Engage: The Crime
One dark and stormy evening, a group of people was gathered at an enormous mansion owned by William DaVictim. A massive storm approached and, as the thunder roared, the power went out. During the 10 minutes of extreme darkness, a blood-curdling scream rang out. When the lights came on, Mr. DaVictim was found dead in a pool of his own blood. The police came immediately and spoke with each individual. Move on to the next section to discover what their statements to police revealed and to see if you can find the person who committed the crime!
Explore: Solving the Crime
To determine who committed this crime, you will need the information gathered from detectives on the scene. Each potential suspect was thoroughly interviewed. Use RM1: Gathering Evidence to record clues as you watch each interview summary.
Who do you think committed this horrific crime? Use the clues you have gathered and the key below to find out!
Explain: Dichotomous Keys
So, yes, Molly Daggers did it. We found the culprit, and now she can be put to justice!
What's amazing is that you just learned a bit of science while you cracked that fictional case. The key you used to determine who the criminal was is called a dichotomous key. A dichotomous key is like a puzzle with steps that are followed. These are generally used in science to classify plants or animals based on characteristics. Let's take a look at how this works. Watch the video below to find out more.
Elaborate: Scientific Application
In the world past high school, scientists use dichotomous keys to identify plants and animals. However, dichotomous keys, which generally contain a pair of statements, are not the only type of key that scientists use. Some keys consists of pictures, and you choose which one looks most like your specimens.
Look at the three leaf specimens in the image below.
This resource is a compilation of text, videos, and other elements to create a scaffolded 5E learning experience for students. This is meant for Tier I instruction under the Response to Intervention (RtI) model for grade 7 science TEKS (7)(11)(A), specifically, dichotomous keys.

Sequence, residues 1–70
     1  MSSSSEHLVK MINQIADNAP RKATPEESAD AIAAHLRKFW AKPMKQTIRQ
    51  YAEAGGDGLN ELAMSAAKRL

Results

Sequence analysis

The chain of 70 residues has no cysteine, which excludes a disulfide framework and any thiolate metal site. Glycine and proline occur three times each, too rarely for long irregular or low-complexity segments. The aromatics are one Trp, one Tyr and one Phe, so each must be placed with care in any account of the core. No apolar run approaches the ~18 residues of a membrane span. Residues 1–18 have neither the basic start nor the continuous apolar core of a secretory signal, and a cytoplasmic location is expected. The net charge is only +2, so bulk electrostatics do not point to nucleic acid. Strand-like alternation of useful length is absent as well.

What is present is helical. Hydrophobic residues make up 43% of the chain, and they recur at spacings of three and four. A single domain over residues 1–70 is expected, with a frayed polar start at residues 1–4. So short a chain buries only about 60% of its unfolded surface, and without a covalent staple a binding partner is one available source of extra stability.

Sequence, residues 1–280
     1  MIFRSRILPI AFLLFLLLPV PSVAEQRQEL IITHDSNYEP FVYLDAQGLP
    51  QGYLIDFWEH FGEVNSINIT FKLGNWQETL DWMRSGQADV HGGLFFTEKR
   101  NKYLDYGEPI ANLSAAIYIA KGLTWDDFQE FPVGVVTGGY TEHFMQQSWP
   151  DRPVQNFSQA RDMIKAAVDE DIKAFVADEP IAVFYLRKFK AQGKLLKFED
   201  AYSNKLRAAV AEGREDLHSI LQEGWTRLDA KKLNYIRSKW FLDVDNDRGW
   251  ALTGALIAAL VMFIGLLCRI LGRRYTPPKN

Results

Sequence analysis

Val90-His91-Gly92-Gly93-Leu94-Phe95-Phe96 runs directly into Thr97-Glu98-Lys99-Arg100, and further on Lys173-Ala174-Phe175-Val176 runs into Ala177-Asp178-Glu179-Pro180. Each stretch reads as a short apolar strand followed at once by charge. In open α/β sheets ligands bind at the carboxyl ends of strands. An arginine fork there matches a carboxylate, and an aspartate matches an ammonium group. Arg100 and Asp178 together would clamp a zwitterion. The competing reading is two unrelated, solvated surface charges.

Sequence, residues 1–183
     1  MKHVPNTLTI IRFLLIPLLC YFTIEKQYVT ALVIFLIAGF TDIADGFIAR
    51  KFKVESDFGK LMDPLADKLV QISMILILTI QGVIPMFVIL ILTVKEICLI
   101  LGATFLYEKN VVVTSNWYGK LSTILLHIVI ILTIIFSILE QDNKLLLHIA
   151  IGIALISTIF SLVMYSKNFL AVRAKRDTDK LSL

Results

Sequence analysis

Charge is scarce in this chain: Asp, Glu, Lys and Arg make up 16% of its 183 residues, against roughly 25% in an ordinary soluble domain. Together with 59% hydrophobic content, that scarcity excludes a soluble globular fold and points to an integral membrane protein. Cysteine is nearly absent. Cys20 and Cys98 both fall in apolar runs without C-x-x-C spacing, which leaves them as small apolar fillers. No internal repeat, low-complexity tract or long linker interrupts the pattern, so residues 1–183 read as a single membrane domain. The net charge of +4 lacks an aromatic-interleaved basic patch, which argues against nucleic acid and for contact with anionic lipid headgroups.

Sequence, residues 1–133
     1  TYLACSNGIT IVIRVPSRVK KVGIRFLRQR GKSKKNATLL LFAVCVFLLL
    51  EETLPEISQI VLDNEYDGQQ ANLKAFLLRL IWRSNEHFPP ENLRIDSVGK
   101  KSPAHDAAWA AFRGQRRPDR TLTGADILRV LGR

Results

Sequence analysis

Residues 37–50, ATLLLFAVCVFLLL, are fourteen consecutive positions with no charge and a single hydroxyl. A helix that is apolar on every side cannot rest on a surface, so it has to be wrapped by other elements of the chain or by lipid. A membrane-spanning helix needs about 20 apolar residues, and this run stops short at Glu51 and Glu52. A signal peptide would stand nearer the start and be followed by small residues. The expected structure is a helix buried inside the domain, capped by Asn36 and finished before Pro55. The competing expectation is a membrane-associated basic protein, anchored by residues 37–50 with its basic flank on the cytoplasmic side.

Be sure to check for prerequisite knowledge and skills as well as differentiation needs by reviewing the entire resource and the related items before assigning it to or working through it with your students.
This resource can be used for instruction in a variety of ways.
• Use with a single computer and projector; this can be delivered in a traditional classroom.
• Use with a combination of individual student computers and teacher computer and projector (in either a computer lab or other 1:1 environment).
• Assign the resource to students as work to do outside of the school day as part of a "flipped classroom" to allow application, practice, and additional support during the school day.
• Use with students as tutorials.
• Share with parents to inform them about what their child is learning in school.
• Use with students who are unable to participate in the traditional classroom environment.
Students are intrigued by the setup of a murder-mystery experience. This is meant to heighten students' curiosity and engagement. By getting students engaged in something that seems like entertainment, they may make better connections to the content.
Students view a video containing the results of the suspects' interviews with police. Students use this information and a dichotomous key to determine who is the perpetrator of the crime.
Insert another dichotomous key experience for students who seem to struggle with the murder-mystery key. Multiple experiences that seem nonscientific will help students better understand how they work. Once students understand how these keys work, then they can apply their understanding to a more scientific use of the tool.
The Explain phase reveals to students that they were using a dichotomous key for the murder mystery and then illustrates a more scientific application for the student using a video. While dichotomous keys are generally used for plants and animals, they could conceivably be used for rocks, biomes, and other scientific areas.
This is an important place to mention the specific verb that's used in the 7(11)(A). The student expectation reads, "The student is expected to examine organisms or their structures such as insects or leaves and use dichotomous keys for identification." The key word here is use. Students are expected to use a given dichotomous key to come to a given conclusion. Given the specific verb in the student expectation, having students create their own dichotomous keys may not be a valuable use of class time and may actually steal time away from practicing the skill students are expected to master.
Allowing students other experiences with dichotomous keys for plants and animals is beneficial here. The student expectation uses the term "such as," meaning that it is wise to expose students to dichotomous keys for organisms other than insects and plants. Varying the format of key is helpful for students as well so that they become comfortable with the different types of keys (flow chart, table, etc.).
The Elaborate phase gives students an opportunity to practice using a key that uses photos. There is no chart, and the experience is largely visual. This activity more appropriately mimics how scientists determine species in the field. (The leaf exercise answers are: Sassafras, Japanese maple, and Douglas fir.)